Category Archives: Health

Stem cell research

Yes, this is a strange topic selection for me today, but thought I’d throw it out there, as it continues to annoy me when I hear it on the news.  Why can’t the media actually portray this subject with even an ounce of truth?  Yes, embryonic stem cell research is not being funded at high levels.  But how do they make the insane jump that stem cell research is not being funded at all?  If you haven’t heard of adult stem cell research and how far it has come, I chose a small selection of links out there for your reading/viewing pleasure. 

 

The “Wrong” Cure

 

Stem cell comparison chart

 

Adult stem cell therapy cures AIDS

 

Heart Failure Patient After Adult Stem Cell Therapy

 

Why don’t we hear about this on the nightly news?  Why do we continue to let people yell at the current administration for not helping save us all from diseases, when in fact they are doing the complete opposite?  In all fairness, here is a FAQ with much more information biased towards embryonic research.  It at least seems to tell more of the truth than the media.

 

National Institutes of Health – stem cell research FAQ

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What do you do with that?

You meet a man who woke from a nap one day and suddenly had double-vision.  His muscles couldn’t even open his eyelids.  He was basically blind.  He tells you Jesus told him he was going to be blind… asked him if he would do it for Him.  He tells you he still doesn’t conceive why he said yes to Jesus.  He tells you Jesus soon after told him to get a canvas and paint, but he never painted in his life.  And, he’s blind.  You are in his house, looking at his paintings, which are simply startling.  He has complete double vision.  Oh, the paintings are made with dollar paints… and he tells you artists say you can’t do that with dollar paints.  He’s blind… and he tells you Jesus lets him paint.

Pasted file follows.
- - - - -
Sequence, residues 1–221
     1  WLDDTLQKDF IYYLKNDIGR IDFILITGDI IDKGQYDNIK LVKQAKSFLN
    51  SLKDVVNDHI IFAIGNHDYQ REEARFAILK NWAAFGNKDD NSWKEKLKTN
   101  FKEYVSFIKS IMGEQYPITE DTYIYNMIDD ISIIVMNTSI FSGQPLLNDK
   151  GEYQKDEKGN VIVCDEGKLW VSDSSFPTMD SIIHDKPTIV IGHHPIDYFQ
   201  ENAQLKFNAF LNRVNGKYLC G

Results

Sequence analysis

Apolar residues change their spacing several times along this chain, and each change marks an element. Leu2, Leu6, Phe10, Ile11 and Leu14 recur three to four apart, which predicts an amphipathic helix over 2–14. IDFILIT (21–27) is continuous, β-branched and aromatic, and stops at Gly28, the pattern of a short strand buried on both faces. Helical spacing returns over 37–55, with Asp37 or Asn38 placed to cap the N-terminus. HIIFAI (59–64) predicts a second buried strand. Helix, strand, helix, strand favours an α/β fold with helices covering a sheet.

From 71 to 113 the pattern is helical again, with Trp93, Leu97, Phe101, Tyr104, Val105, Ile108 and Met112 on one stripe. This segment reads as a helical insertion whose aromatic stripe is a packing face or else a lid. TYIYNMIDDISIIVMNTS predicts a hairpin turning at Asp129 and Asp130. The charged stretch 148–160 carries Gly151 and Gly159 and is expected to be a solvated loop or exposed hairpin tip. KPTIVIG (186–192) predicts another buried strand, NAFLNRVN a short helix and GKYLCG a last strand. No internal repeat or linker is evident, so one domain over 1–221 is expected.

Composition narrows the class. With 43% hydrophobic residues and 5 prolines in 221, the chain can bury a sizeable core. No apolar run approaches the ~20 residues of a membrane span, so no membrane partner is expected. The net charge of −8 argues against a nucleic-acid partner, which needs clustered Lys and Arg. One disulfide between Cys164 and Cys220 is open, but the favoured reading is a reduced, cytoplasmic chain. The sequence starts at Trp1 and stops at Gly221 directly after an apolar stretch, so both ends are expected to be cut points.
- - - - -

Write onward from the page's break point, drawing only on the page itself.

What do you do with that?

 

He tells you story after story of God’s healing power in the lives of people he’s prayed with and met.  Some of them are there with you.  These are amazing people of faith.  He tells you you’ll wake up one morning and be completely healed… and you won’t believe it.  You won’t believe it, but you have no choice but to believe… and you are going to have to tell people what happened.  Oh, and Jesus speaks to him… and tells him these things.  He tells you story after story.

 

What do you do with that?

 

There is a signed picture of McCain and Palin in his living room.  You know many of the people there are or were Democrats, so you tell him you are interested in the picture and ask him about it.  He simply tells you McCain is going to win.  You mention that’s a pretty strong statement given latest polls.  He simply tells you Jesus told him he would live to see the end of abortion.  He is an old man.  He figures that means McCain is going to win, but he also says Jesus told him we need to end abortion, or Jesus will.

 

What do you do with that?

 

I promised I won’t have posts as long as my original one, so I have to leave it at that for now. ;)

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My body…

Probably got your attention for all the wrong reasons there. ;)  Sorry if I created some really bad mental images.  I started this blog for several reasons… chatting about movies I’ve been watching, books I’ve been reading, God stuff, random blabbing, etc.  However, for now I just wanted to answer a bunch of questions I’ve been getting lately… mainly, what’s wrong with me and why have people been asked to pray for my healing.  I expect this will be my longest post on the blog, so bear with me this one time. ;)